Paleozoic – means “ancient life” and the era marks the time (570 million years ago) at which fossils become abundant. In fact, the start of the Paleozoic is referred to as the “Cambrian Explosion” due to the seemingly sudden development of a vast array of life forms that are preserved as fossils. The variety of life that evolved is astounding, including marine organisms, fish, amphibians, land plants, and even huge insects. The Paleozoic era ended about 250 million years with the opposite event, the “Permian Extinction,” during which more than 80% of all of Earth’s life forms disappeared.
Mesozoic – means “middle life”. Fossil reptiles and invertebrates dominate these rocks. Many of the Earth’s major mountain ranges also were formed. The era’s most famous denizen is the dinosaur, and reptiles (as well as flora) thrived in the generally mild climates that dominated most continents. Pangaea, a huge supercontinent that formed during the late Paleozoic, began to break up during the Mesozoic. The era again ended with another mass extinction, whose cause is often attributed to a collision of a comet or meteor. This extinction however caused the destruction of the dinosaurs.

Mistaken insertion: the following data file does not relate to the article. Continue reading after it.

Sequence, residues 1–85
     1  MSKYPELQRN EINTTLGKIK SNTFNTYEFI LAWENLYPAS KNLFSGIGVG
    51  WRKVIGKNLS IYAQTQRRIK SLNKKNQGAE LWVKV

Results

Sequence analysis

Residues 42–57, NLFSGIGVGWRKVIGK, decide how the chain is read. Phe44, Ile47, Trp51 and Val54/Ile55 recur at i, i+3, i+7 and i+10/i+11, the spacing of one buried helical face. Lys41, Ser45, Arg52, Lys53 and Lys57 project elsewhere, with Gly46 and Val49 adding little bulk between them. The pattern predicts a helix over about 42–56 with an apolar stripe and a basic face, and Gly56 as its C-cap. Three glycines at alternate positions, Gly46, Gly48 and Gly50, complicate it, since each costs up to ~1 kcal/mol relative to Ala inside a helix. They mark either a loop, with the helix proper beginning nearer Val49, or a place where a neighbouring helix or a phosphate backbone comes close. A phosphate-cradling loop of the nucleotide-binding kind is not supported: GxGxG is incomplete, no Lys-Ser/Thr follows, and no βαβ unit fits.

Cenozoic – means “recent life” and is currently still in progress. Most fossils are related to modern forms, including mammals, modern plants, and invertebrates. Mammals are the dominant vertebrate life form. The first fossils of humans and humanlike animals appear about 3 million years ago, with Homo sapiens (modern humans) evolving about 50,000 years ago.
A Relative Time Scale with Absolute Time
The frosting on the geologist’s cake came when the use of radiometric dating, which became widespread in last 50 years, completely confirmed the relative age correlations made by geologist over the past 150 years. Strata in Canada, that were believed to be much older than certain strata in Europe, were found to be exactly that – much older! Rocks that appeared to be only slightly younger than others were only slightly younger! As more and more rocks were analyzed, the geologic time scale became more and more absolute.
Modern geologic time scales contain both absolute ages and the relative age names. Some also contain other information, such as the Earth’s magnetic polarity over time (which will be covered in another unit).
1) What type of lake do you believe this is?
2) Using your GPS, what elevation is the GZ?
3) During what time period do you believe this lake formed and why?
4) While not required, please show your view from this location of the lake. (Optional)
5) What age is known as the "Cambrian explosion"?